• I haven’t been kicked off the research program yet. 

As you can see, these statements are fairer and based on reality, whereas the previous ones were simply based on my imagination. By getting yourself to look at both sides of the argument, you’ll challenge yourself slowly transforming your inner critic to an inner coach. 

Positive affirmations 

inner critic to inner coach

Finally, the last way you can deal with your inner critic is by overpowering their voice through the use of positive affirmations. Your voice is an extremely powerful tool. Think about how often you hear it throughout the day. It’s no wonder that the brain places such a high value on the words that come of our own mouth. 

So, to transform your inner critic to an inner coach, you have to tell yourself the things that your inner self desperately needs to hear. 

  • I am capable 
  • I am loved 
  • I am enough 

Over time, these words will slowly reprogram your inner critic, transforming it into a coach who wants the best for you. You must keep consistent with it though. I’ve been engaging with positive affirmations for a few months now, and I’m only now starting to believe the words that I speak every morning. Slowly, but surely, you’ll get there! 


So to finish off, let’s recap the ways of turning your inner critic to an inner coach. Firstly, you have to acknowledge the presence of an inner critic. Don’t ignore it any longer. It’s time to face it head on. Once you start understanding the patterns that your inner critic engages in, you can then build a legal case as to why they are wrong. Finally, be kind to yourself and speak your affirmations into existence. You’ve got this! 

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14 Replies to “How to transform your inner critic to an inner coach”

  1. This is a really great post! I think a lot of us have an inner critic but I love the idea of flipping that into something more positive.

  2. I swear, sometimes just saying, “I am enough,” changes everything. It brightens the mood. It takes the edge off. The weight on our shoulders goes away.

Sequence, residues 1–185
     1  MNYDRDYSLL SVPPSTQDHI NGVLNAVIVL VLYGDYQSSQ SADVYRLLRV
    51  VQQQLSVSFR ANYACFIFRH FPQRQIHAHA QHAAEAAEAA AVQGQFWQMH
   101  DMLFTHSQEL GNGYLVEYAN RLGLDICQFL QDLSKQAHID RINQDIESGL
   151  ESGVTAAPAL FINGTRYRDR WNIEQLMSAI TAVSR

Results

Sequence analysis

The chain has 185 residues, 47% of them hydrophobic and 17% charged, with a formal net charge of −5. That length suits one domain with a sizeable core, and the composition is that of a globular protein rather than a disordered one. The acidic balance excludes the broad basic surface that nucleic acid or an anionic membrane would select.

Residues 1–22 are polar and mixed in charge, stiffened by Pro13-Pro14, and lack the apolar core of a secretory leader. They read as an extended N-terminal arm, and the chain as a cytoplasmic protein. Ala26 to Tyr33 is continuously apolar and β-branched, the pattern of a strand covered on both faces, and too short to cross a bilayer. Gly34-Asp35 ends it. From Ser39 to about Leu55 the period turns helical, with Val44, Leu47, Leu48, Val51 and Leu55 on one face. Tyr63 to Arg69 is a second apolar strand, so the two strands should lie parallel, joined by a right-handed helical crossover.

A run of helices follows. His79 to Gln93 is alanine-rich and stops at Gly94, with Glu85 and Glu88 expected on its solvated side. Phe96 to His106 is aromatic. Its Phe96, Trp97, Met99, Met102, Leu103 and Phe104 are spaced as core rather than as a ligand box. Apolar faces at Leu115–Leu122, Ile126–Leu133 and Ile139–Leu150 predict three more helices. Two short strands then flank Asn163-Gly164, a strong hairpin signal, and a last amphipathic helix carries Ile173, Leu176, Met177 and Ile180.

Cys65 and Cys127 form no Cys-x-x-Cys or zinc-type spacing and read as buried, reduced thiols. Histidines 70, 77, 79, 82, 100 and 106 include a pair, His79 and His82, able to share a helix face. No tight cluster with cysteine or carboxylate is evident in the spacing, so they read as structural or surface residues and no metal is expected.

Thank you. I needed this.

  3. Great post! My inner critic gives me a hard time each day. I found that affirmations help. I also write down the negative thoughts so I can combat them. Thanks for sharing!

  4. I definitely have an inner voice, and it can be quite critical at times! One thing that I read is to remember that your inner critic is trying to help you (by encouraging you to do better) – although of course, the critic operates in an extremely harmful way and often hurts far more than helps. So when you are dealing with your inner critic, you can say, “Look, I know you THINK this is helping, but let’s try to improve the situation in a more productive, positive way.”

  5. as a person who always care about inner voice, mental life and mindfulness, i have to say that I find your article is very useful and informative. Thank u for taking your gut to share this. I love it!!

  6. This is a great post. I know that I want to become a life/relationship coach, and I am taking a course to do this. Your post has helped me along my journey. Thank you for such a great blog post.

  7. Thanks for sharing! Definitely something to consider next time I start thinking about it. I like the idea of turning the inner critic into something more positive!

  8. Re;
    “ you have to tell yourself the things that your inner self desperately needs to hear.
    I am capable
    I am loved
    I am enough” —

    Diligent daily repetitions of the above, for the past 14 months, have been making the Inner Critic steadily bigger, stronger, and more vicious. How many years or decades are usually required to get it started working? Please tell me as soon as you can, because at age 59 I don’t have many decades left to cure an internal stage hat has been mine since (at the latest) age four. I’ve been through A LOT of therapies since Iwas first sent (BY MY UPSET MAJOR ABUSER) at age 5, have diligently done ALL my therapy homework, and I’m still wondering when any good results may occur. PLEASE ADVISE.

  9. too bad this article ignores the idea of the need to be vulnerable. i.e., listening to your inner child will help you understand why you have an inner critic and what it (you) needs. simply repeating “i am enough” without understanding why you feel you’re not not only doesn’t address the issue of why the critic exists, you don’t take advantage of the opportunity to find out that its ok to change and in changing find that you are enough because you have the ability to change and grow. **